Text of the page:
The art of giving (and getting) good LinkedIn recommendations
By Uri Allen, CPRW
Can I share something with you? Now before I tell you what it is, I must warn you that it may sound odd and maybe a little nerdy (in only the very special way an employment specialist can sound nerdy) but I honestly and truly love a good, well written LinkedIn recommendation. LinkedIn recommendations, when composed properly, can give fellow networking professionals and perhaps someone’s next boss some great and fabulous information about the user for whom they are written. Shorter than a letter from your favorite college professor but longer than a tweet, LinkedIn recommendations can provide insight into someone’s work ethic, career achievements and professional passions and really elevate the LinkedIn profile to the next level. Recommendations can take flat, run of the mill work history and add human, real life dimension to it.
So you might be thinking to yourself (after reading my enthusiastically written intro about LinkedIn recommendations, of course) that you really want to start getting some LinkedIn love on your profile but you just don’t know where to start. Well, fear not because with the following 3 rules for LinkedIn recommendations, you will be getting those professional profile high-fives before you know it.
The first rule of LinkedIn recommendations is you don’t…wait, wrong rules. The first rule of LinkedIn recommendations is you give what you get. Yay reciprocity! Generally, people are more inclined to leave a recommendation for you if you have started the ball rolling by leaving one for them so don’t be shy. When I began building my LinkedIn profile, I selected a few contacts that I respected and left them a recommendation on their page. Sure enough, a few days later I had some great recommendations to add to my profile from professionals that I held in high regard. I made sure to put thought and effort into crafting a great recommendation because that was what I wanted them to do when they wrote mine. And it worked! Now, I will warn you that not everyone plays nice, so you might give a glowing review of someone and receive no response. It happens and it’s a bummer when it does, but never let that discourage you. Continue to give those great recommendations and watch yours grow. So remember, rule #1 is reciprocity.
The second rule of giving a great LinkedIn recommendation is making sure that your recommendation has substance. While it’s really nice to say someone was a great co-worker, that’s not necessarily helpful information. What would be more helpful is describing what made them a great co-worker. Using descriptive sentences, mentioning personal attributes and traits and giving specific examples are all the building blocks of recommendation substance. Talk about specific projects you may have worked on together, in what capacity you worked with the person, what their impact was on the company or organization…whatever your recommendation talking points, make sure they have substance. There you have it, rule #2 is substance!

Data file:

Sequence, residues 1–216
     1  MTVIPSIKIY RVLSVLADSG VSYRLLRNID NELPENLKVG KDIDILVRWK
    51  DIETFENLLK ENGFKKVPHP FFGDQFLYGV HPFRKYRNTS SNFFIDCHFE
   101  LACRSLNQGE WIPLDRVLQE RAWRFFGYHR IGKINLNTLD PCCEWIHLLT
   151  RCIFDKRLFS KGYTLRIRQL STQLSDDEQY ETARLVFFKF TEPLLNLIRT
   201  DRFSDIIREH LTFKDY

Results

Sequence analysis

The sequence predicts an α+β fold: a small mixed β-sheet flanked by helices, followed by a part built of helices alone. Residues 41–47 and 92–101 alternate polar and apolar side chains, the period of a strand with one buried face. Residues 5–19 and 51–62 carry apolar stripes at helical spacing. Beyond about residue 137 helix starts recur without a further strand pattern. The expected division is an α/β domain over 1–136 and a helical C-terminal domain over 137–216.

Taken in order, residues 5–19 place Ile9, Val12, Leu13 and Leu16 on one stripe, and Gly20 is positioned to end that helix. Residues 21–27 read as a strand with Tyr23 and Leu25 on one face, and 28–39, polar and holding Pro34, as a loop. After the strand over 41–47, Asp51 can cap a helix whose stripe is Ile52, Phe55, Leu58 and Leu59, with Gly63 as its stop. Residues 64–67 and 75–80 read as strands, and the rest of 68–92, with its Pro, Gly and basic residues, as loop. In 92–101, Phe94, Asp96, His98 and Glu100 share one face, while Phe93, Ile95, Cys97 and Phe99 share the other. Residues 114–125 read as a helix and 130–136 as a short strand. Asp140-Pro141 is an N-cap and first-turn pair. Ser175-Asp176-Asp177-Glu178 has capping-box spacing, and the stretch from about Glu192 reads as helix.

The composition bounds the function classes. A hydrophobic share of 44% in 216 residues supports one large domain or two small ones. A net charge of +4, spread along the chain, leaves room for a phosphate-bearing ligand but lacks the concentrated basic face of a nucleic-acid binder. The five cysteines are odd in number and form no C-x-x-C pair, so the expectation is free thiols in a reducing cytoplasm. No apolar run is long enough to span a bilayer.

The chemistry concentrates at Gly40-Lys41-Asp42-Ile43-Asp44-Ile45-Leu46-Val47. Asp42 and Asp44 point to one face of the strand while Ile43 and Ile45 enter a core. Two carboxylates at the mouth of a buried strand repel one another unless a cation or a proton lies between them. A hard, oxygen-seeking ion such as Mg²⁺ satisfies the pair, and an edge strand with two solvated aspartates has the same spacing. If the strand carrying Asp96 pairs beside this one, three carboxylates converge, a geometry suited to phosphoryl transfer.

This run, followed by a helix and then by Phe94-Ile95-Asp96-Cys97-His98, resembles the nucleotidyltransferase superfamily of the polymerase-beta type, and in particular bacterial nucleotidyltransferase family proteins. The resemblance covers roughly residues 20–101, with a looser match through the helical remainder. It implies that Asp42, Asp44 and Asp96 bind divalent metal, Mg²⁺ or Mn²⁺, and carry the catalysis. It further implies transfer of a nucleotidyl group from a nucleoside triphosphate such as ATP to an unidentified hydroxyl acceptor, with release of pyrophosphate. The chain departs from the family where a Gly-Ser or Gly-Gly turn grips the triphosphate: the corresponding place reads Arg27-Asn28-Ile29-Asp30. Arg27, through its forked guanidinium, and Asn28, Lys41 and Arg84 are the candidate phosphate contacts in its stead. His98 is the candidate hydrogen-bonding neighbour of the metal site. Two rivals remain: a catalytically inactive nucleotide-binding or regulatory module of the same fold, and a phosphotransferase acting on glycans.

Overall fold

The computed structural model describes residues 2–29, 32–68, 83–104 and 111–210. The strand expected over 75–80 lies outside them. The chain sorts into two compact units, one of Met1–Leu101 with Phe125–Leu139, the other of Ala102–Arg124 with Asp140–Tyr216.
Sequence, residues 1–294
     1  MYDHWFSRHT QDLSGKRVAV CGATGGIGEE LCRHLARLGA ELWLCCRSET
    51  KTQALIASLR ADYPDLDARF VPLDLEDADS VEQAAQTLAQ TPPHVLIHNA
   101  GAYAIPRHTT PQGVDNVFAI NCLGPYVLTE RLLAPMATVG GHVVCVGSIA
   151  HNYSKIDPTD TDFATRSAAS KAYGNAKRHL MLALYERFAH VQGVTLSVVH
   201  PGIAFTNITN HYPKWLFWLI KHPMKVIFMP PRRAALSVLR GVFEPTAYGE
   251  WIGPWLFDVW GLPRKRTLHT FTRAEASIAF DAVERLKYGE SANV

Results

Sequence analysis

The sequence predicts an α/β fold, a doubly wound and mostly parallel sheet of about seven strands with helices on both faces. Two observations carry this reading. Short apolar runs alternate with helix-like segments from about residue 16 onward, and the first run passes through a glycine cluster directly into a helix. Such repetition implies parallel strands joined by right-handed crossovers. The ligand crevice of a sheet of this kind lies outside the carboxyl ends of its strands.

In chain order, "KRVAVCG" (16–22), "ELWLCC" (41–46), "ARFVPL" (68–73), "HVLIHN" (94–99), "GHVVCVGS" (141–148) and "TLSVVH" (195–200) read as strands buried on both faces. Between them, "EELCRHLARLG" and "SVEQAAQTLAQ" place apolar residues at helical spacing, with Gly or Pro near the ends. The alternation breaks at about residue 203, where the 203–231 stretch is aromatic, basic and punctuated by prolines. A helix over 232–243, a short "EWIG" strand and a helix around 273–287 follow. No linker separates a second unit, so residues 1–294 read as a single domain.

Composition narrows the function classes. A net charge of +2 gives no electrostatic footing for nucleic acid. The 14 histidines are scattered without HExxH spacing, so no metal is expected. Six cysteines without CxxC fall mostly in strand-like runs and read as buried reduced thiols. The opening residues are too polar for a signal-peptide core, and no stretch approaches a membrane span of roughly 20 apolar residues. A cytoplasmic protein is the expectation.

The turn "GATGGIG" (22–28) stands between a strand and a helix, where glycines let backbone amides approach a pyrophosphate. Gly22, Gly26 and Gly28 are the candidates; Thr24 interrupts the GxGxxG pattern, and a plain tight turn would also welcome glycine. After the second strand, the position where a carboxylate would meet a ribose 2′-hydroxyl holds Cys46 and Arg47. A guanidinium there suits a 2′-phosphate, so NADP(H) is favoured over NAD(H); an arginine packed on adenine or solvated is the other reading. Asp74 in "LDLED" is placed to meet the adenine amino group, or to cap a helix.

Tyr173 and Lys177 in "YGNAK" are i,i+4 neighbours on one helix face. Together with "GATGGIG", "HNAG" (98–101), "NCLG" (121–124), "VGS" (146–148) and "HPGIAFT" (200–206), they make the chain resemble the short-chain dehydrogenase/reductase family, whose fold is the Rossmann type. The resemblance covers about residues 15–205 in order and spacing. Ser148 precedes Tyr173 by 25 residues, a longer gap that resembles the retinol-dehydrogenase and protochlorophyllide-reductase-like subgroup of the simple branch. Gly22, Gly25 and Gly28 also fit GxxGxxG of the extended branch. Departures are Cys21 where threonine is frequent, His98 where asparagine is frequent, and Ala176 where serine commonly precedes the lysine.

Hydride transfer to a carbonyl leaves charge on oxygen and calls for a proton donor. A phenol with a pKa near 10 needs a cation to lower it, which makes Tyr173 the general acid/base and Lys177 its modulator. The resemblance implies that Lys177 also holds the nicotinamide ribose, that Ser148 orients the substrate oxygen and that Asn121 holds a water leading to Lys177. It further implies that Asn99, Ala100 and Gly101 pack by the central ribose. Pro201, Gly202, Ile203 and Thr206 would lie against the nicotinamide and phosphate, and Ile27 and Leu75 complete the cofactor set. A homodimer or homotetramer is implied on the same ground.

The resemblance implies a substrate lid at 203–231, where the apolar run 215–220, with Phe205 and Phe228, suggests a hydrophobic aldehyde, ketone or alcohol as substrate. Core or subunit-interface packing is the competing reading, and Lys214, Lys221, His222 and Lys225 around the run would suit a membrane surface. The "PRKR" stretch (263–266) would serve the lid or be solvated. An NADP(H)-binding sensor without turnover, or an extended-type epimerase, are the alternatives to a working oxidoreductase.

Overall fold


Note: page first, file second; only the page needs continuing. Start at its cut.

The final rule of writing an awesome LinkedIn recommendation is to make sure it is error free. Just like a résumé or networking profile, LinkedIn recommendations are a reflection of the person they are written for. Now, you might be thinking to yourself…well I didn’t write the recommendation for myself…why would my image be tarnished if I’ve posted a recommendation on my profile that has spelling errors or typos? To answer that question I will pose another question back at you. Have you ever heard the saying you reflect the company you keep or guilt by association? For those reasons, I would never allow a recommendation to be visible on my page if it was riddled with errors, typos and mistakes even if it was the most amazing recommendation in the known universe. Why? Because I want viewers of my profile to see me as a professional who associates with other professionals. A true professional always strives to have a polished image and in type that translates to spell checked, grammar checked and error free. On the flip side, when you are writing a recommendation, taking the time to proofread and spell/grammar check a recommendation lets your contact know that you value and respect them enough to take the time to make sure it’s perfect. You can bet that if you give a well-written, polished and professional recommendation people reciprocate with the same. Rule #3 is error-free.
While these aren’t hard and fast rules, they are a great guideline to get you going into the world of LinkedIn love. Giving recommendations helps to strengthen networking connections, shows that you can give genuine and professional feedback and it just plain feels good to give kudos to those who deserve them. So get out there and give those virtual high-fives to those in your network that you admire and respect and watch the love come rolling back on to your profile!